WASHINGTON — In the U.S. Army’s second annual aviation-focused exercise, a unit from the Netherlands digitally requested a casualty evacuation from the U.S., marking new success interoperating with foreign partners.

What exercises with allies and partners have shown over the years is that this type of interoperability remains challenging, but military officials say repetition and practice are key to making strides.

The casualty evacuation mission was “a good example of that progress there,” Brig. Gen. Brandon Tegtmeier, deputy commanding general of the 82nd Airborne Division, told Defense News in an interview following the completion of the exercise known as EDGE 22, which took place at Dugway Proving Ground, Utah, earlier this month.

“That’s just a small thing,” he said. “We have a lot of progress to make still, but again, a really good step forward.”

Additionally, the Army reported a call for fire was achieved through a Dutch-run waveform.

The Army’s EDGE series of exercises began last year and is slated to continue annually in coordination with Project Convergence, a larger event in the fall. EDGE is considered the practice round for the aerial tier of PC. This year, Project Convergence, now in its third iteration, brought in international partners for the first time; EDGE then followed.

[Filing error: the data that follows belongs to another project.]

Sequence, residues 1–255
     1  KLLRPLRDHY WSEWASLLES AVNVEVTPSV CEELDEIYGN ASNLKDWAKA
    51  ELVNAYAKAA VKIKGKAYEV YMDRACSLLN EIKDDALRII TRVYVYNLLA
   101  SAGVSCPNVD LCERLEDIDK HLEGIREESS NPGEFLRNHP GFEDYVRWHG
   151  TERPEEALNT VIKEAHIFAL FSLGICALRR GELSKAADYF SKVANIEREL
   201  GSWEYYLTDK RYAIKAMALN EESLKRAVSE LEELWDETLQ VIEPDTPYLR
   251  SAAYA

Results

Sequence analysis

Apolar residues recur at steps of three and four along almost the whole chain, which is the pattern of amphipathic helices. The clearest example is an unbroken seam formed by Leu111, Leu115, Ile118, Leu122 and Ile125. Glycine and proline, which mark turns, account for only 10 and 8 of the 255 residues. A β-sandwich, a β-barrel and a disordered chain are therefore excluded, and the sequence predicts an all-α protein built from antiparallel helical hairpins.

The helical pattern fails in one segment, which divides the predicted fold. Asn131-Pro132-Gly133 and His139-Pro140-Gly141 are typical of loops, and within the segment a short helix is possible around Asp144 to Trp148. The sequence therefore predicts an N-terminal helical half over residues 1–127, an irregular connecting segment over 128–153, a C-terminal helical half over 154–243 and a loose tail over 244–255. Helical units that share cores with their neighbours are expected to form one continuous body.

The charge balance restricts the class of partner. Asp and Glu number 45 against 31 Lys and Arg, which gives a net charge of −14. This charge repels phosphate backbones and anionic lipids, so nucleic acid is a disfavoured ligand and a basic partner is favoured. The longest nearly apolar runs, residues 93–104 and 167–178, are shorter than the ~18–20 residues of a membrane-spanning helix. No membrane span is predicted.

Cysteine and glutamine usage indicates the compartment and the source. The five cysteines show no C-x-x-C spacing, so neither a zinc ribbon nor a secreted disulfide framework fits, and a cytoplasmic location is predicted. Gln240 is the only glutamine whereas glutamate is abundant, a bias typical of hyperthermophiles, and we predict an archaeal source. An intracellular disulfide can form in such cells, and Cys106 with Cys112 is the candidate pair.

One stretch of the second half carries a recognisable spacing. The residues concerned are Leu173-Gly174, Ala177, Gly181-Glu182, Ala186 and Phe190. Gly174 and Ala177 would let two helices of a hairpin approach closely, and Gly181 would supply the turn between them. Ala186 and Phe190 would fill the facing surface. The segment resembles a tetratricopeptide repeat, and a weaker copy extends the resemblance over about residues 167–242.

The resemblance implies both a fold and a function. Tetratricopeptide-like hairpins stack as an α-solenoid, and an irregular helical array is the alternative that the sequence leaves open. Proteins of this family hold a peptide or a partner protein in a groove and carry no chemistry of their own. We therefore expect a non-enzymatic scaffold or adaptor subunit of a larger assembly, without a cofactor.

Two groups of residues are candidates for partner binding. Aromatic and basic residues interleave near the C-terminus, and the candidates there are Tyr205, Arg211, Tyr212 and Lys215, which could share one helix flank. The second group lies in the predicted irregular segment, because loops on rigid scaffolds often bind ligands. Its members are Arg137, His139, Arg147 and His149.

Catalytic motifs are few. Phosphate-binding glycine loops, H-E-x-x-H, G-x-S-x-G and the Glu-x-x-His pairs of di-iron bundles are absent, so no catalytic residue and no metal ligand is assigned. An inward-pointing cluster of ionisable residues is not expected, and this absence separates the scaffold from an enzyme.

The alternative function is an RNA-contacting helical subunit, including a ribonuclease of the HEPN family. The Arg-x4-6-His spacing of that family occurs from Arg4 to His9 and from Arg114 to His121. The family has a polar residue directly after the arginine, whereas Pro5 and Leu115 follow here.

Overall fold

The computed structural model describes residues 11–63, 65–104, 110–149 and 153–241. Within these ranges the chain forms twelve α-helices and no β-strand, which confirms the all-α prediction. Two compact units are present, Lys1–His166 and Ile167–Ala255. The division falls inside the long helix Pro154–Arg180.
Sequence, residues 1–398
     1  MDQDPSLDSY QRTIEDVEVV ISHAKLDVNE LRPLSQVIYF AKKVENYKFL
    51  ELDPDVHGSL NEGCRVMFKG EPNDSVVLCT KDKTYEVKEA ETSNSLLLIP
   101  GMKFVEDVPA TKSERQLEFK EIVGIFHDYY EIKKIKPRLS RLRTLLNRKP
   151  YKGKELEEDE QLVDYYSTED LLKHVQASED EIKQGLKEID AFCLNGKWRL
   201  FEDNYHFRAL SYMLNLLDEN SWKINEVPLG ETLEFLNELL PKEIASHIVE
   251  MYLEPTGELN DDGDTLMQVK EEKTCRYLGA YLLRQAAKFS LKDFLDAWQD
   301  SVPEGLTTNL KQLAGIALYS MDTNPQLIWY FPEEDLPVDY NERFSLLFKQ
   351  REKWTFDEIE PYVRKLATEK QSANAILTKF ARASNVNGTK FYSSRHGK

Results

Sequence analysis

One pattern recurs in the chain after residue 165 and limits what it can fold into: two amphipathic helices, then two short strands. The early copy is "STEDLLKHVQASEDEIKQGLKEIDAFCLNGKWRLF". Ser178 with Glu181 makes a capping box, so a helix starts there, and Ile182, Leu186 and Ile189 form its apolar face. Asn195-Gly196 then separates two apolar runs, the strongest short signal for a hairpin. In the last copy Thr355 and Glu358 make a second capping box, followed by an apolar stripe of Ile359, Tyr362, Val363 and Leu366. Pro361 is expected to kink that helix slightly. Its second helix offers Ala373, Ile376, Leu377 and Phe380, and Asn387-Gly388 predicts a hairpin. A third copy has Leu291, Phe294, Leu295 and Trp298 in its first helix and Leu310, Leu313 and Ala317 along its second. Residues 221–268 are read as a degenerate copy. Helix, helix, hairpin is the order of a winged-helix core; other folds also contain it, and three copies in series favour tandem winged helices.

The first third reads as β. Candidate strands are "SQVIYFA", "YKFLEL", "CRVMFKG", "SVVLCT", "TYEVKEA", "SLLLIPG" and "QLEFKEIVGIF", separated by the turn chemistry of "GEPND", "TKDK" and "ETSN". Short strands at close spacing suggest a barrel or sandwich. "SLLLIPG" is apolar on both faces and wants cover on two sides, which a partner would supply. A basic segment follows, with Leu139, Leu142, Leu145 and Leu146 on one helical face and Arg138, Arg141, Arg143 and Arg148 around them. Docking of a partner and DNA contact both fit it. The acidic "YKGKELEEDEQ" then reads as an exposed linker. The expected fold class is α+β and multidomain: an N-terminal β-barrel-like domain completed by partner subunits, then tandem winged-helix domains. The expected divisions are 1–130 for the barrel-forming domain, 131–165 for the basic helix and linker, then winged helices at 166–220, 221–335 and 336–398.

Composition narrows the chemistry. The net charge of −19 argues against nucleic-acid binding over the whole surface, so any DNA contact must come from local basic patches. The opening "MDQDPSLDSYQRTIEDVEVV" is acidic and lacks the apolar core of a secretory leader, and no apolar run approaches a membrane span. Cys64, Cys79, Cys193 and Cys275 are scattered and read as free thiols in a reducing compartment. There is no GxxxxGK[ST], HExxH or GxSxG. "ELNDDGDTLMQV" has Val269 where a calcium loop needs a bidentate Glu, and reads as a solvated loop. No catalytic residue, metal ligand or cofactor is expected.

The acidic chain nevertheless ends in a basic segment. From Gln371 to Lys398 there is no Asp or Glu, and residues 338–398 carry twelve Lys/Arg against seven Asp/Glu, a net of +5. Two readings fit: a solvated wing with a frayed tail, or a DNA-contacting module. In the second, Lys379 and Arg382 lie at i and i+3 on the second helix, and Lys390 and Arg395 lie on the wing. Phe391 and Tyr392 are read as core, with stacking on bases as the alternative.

Project Convergence examines and tests how the Army plans to fight against near-peer adversaries across all domains using capability slated for fielding in roughly 2030 and beyond.

EDGE, this year, was focused on a European theater scenario centered around a wet gap crossing. The 82nd Airborne and other allied units at the exercise were tasked with defeating an enemy’s integrated air defense systems. That would then lead to the second phase, introducing maneuver forces through air assaults to seize two different pieces of terrain.

Netherlands, Italy and Germany were active participants in the exercise, while Australia, Canada, France and the United Kingdom were observers.

German and Italian forces participated in the combined air assault with the 82nd. The Germans brought their German Future Soldier System, and Italian soldiers brought their Targeting and Communication Command Kit.